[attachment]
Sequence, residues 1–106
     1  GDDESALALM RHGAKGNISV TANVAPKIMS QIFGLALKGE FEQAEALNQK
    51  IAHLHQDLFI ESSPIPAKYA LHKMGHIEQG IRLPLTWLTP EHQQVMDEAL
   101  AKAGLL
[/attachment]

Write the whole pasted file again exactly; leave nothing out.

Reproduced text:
Sequence, residues 1–106
     1  GDDESALALM RHGAKGNISV TANVAPKIMS QIFGLALKGE FEQAEALNQK
    51  IAHLHQDLFI ESSPIPAKYA LHKMGHIEQG IRLPLTWLTP EHQQVMDEAL
   101  AKAGLL